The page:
Candidates for House District 26 differ over public land policy |

Candidates for House District 26 differ over public land policy

Candidates differ over public land issues

Colorado House District 26 candidates, Republican challenger Michael Cacioppo, left, and incumbent Democrat Diane Mitsch Bush, right, exchange cordial greetings prior to responding to questions from the members of the Steamboat Springs Kiwanis Club Oct. 4.
Tom Ross

— The candidates for Colorado House District 26, comprising Routt and Eagle counties, clashed significantly over management of federal lands in the region as they faced one another in an Oct. 4 candidates forum hosted by the Steamboat Kiwanis Club.

Incumbent Democrat Diane Mitsch Bush, Steamboat Springs, took the position that it is not the role of the state, nor is the state equipped to assume management of the large tracts of land in the West managed by the Bureau of Land Management and the U.S. Forest Service.

Her Republican challenger, newspaper publisher and businessman Michael Cacioppo, of Avon, countered that residents of the district have the intelligence required to manage public lands here, and that it’s unreasonable to require them to travel to the nation’s capital to advocate for changes in land management policies.

Kiwanis member Theo Dexter asked, “regarding the transfer of federal lands to the state of Colorado, would you vote to start the process?”

“I have opposed transfer for many reasons,” Mitsch Bush said. “First, the state of Colorado does not have the resources to manage the public lands … Remember, these lands are owned by all Americans. It’s owned by everyone in the country.”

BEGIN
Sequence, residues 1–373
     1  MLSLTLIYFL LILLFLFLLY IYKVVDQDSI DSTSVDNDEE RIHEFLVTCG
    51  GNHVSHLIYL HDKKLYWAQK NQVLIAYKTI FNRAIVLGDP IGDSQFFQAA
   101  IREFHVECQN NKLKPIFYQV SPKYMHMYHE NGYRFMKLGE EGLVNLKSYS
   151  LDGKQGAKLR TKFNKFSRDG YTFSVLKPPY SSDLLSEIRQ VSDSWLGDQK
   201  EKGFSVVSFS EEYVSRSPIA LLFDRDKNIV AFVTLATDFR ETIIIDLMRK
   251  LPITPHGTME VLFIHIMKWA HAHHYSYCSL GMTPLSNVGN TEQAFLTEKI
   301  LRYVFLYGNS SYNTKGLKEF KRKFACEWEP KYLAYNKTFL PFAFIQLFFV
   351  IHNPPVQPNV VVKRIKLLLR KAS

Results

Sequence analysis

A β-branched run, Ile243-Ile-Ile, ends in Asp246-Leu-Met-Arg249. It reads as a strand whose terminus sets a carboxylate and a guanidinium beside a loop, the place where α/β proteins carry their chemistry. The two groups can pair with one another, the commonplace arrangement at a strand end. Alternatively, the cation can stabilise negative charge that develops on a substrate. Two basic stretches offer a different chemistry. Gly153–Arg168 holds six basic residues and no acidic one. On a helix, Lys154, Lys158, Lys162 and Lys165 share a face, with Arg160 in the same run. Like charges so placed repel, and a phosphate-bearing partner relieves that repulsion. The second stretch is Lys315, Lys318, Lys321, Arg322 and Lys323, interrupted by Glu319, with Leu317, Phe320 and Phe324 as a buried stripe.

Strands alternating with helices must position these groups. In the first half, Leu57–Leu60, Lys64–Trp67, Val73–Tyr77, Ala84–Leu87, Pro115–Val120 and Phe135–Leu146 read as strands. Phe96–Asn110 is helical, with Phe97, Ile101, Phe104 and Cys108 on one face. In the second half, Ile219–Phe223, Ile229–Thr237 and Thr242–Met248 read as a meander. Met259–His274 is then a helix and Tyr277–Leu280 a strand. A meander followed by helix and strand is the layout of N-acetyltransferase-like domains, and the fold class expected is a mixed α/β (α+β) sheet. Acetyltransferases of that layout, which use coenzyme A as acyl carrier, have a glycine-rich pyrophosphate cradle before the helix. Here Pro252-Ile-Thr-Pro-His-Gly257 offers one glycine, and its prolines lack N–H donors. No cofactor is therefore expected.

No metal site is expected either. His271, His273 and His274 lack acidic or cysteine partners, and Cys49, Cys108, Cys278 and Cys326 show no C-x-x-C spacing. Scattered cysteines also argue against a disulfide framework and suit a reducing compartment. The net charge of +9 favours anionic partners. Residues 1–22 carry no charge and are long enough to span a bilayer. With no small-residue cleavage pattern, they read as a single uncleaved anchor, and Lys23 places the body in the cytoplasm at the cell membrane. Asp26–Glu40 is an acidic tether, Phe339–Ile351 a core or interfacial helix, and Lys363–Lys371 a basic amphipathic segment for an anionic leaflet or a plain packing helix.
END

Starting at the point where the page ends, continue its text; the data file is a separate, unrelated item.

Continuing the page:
She added that the residents of her district have ample opportunities to influence public lands policy locally through direct access to district forest rangers in their communities, and with the ability to comment on new land management issues, on the Internet or in writing.

Cacioppo emphasized that the Forest Service works for the people.

“The bottom line is we want to be able to control the open space and land controlled by the federal government,” he said. “Are we not smart enough to be good stewards of that land? I think we are. I know we are. Part of their platform is always to raise our cost of living and that’s the result of this type of thinking. We’ve got to change that, and we can.”

In response to a question from former Routt County Commissioner Dennis Fisher, asking the candidates to describe some of the issues facing District 26, Cacioppo cited his record of standing up for clean water, which he said includes putting his own finances at risk along with others to file a lawsuit that led to the clean up of pollution in the Eagle River.

On the community housing forefront, Cacioppo endorses a plan by Routt County resident Frank Dolman to build as many as 400 tiny homes, from 100 to 500 square feet, spread out among Clark, Hayden, Oak Creek, Milner and Steamboat Springs with no income limits and no appreciation caps.

She said she advocated for community housing in her former longtime roles as both a county commissioner and county planning commissioner. She said she has voted to renew the state’s low income housing tax credit and supported a bi-partisan bill to establish a first-time homebuyer savings account.

On the subject of water supply, Mitsch Bush said she engaged the governor’s office in order to amend a bill pushed by Front Range interests to ensure it wouldn’t make it easier to divert West Slope water.

To reach Tom Ross, call 970-871-4205, email or follow him on Twitter @ThomasSRoss1

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